All new models. Save $25 with code STARTNOW

Get Started with the Runway and Cash Budget Tool

An overview of the free Runway and Cash Budget Tool.

The free Runway and Cash Budget Tool is used to build a cost budget and forecast cash and runway. 1 It’s intended to be a simple model with easy inputs for expenses, revenues, and external funding, so that you can get a handle on burn, cash and runway quickly and easily. It is the simplest of the base financial models used for creating financial forecasts, and is a good starting point for idea-stage, pre-seed, and even seed-stage founders, advisors, mentors, or consultants that need to create a cost budget and runway forecast with the simplest structure possible.

How it works

The model has three core sheets:

Get Started

Three simple inputs to set:

  • The currency symbol to use in the model
  • The date to use as the first month in the model
  • The beginning cash balance.


The core of the model, containing the inputs for the revenues and costs, and creating a 36 month forecast, summed into quarters and years.

  • The model is a 36 month forecast, that starts with the date set for the first month set on the Get Started sheet. This means if you input July 2019 into the Get Started input, your forecast will start in July 2019, and run for 36 months from there. The calendar year is still used as the year-end, so that 2019 forecast would be a 6 month forecast. If you want to add on more months to create a full three year forecast (plus six months for 2019), then follow the instructions for how to extend the timescale on the models.
  • The model uses the standard colors and formatting to denote inputs and calculations.
  • Revenues. The revenue lines are completely open for you to simply type in forecasted revenues, or to create your own logic and calculations to forecast revenues, and then link them into thees revenues lines. You can create more lines for different revenue streams by adding in rows, and making sure the Total line still sums the rows you added. 2
  • Expenses. The expenses lines have a couple example titles, but you can set the names for the expenses however you want. In Column D you can set a category for the expense, and you can rename those categories in the section directly under the Expenses line. You can add as mahy rows as you wish to add in more expenses, just make sure the Total Operating Expenses line sums the rows you added.
  • This free tool does not delineate between Cost of Goods Sold (COGS) and Selling, General and Administrative (SG&A) costs for accounting purposes, but you may choose to set those as categories if you wish.
  • Cash. The cash section takes the beginning cash balance and looks at the change in cash during the period to calculate the ending cash balance. Note that the model can be used for either cash or accrual accounting methods, noting that if you want to use accrual methods you might need to edit this cash section depending on the full accounting impact of the revenues and costs you enter.
  • Funding. On this sheet you can also input external funding - equity, debt, loans, grants - to model the impact of external funding on cash balances.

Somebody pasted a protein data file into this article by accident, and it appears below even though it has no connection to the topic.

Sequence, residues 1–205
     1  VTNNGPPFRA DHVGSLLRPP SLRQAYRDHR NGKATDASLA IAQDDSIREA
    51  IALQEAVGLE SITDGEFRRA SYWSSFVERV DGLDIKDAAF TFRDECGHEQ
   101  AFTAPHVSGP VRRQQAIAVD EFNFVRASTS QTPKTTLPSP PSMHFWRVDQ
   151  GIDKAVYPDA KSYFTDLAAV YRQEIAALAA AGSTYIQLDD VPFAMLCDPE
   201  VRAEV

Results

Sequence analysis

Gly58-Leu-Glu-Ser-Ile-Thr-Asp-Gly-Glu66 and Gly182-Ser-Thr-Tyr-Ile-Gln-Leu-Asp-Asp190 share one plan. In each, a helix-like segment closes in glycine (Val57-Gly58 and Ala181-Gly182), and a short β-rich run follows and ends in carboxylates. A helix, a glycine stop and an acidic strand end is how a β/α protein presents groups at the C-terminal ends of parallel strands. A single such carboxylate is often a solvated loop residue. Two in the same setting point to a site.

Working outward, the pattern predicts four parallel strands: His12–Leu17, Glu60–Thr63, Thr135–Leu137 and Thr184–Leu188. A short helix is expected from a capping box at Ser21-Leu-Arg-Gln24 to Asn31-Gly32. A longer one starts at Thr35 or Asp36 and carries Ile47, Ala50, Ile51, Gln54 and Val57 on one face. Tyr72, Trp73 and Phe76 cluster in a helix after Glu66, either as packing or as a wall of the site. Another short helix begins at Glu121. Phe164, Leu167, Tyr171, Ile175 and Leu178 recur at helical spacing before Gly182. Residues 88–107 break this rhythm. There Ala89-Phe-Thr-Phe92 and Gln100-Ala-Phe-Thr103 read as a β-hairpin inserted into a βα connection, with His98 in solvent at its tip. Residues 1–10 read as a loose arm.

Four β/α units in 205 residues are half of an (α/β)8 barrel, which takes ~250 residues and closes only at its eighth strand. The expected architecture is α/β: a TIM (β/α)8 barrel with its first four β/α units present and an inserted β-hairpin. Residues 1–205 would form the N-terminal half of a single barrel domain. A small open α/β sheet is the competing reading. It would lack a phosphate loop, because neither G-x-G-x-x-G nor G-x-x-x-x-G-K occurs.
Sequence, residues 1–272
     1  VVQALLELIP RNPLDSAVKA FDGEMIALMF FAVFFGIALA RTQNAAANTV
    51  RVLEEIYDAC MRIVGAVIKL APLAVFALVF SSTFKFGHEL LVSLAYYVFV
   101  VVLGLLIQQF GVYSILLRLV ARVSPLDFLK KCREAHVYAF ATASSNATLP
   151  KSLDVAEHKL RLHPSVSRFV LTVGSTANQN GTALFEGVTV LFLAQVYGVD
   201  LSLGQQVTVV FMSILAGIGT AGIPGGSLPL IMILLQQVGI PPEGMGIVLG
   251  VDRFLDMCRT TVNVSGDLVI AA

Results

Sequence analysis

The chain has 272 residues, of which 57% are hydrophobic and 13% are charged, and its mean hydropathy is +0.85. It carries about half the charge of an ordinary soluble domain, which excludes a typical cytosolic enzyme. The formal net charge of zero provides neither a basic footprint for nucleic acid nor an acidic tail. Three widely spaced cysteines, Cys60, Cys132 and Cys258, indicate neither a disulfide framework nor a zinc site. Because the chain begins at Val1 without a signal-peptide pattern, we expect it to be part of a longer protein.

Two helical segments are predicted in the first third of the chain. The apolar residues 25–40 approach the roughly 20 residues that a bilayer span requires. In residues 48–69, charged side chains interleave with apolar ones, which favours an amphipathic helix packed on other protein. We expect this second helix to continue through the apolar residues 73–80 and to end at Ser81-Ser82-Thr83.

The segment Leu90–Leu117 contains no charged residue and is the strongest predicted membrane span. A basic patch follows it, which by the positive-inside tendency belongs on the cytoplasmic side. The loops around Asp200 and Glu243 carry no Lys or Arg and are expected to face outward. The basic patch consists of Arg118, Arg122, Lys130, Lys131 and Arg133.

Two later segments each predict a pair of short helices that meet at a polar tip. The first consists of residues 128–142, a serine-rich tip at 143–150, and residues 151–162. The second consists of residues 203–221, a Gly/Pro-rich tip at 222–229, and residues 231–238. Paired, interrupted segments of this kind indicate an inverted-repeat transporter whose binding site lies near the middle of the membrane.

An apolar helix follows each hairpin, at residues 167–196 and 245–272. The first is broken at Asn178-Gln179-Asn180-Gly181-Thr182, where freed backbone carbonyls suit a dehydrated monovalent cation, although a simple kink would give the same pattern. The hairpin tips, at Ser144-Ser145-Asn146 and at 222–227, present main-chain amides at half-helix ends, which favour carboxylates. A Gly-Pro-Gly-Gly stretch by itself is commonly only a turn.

After you’ve input your costs and revenues (which, frankly, is optional) on the Forecast sheet, the Runway sheet will automatically create three charts to help you understand and communicate your costs and runway.

The core reporting features of the model consist of the reports on the Runway sheet:

  • Burn and Runway: a chart that shows net cash burn and cash balance over time, combining revenues, expenses, and any external funding.
  • Summary of Operating Expenses: A summary of the cost budget, using the categories you create on the Forecast tab.
  • Sources & Uses: A summary pie chart that shows how the first fundraise - external financing - you put in the model (optional) is used to pay for the summary operating expenses over a period of time.

What this tool does not do

Compared to the paid base financial models, this free tool offers the same core structure, but does not offer two main features:

  • Consolidated financial statements. Income statement, balance sheet, and statement of cash flows are core features of the Starter and Standard Models
  • Prebuilt revenue forecasts. The default revenue model built into the Standard Financial Model contains extensive business logic to help you forecast your operations, revenues and costs. The free tool is completely open, so you may build in any logic to forecast your revenues and expenses - growth rates, customers, users, employees, etc. - in any way you want, so you can still model revenues, but you will need to build

The rest of the differences between the base financial models are detailed by the comparison grid and overview details here ›

  1. Runway means the number of months you have in terms of being able to cover the expenses of the company given current cash situation and expectations. 

  2. This may not be obvious, but if you are looking for revenue logic, you can also explore the Free Tools to see if one of the revenue methodologies there can help you forecast revenues. And of course, it’s easy to pull one of the free tools into this tool and link the revenues calculated in the other free tool into the Forecast sheet of the Runway and Cash budget. Questions, contact me › 

Was this helpful? Yes / No

Thanks, I appreciate the feedback.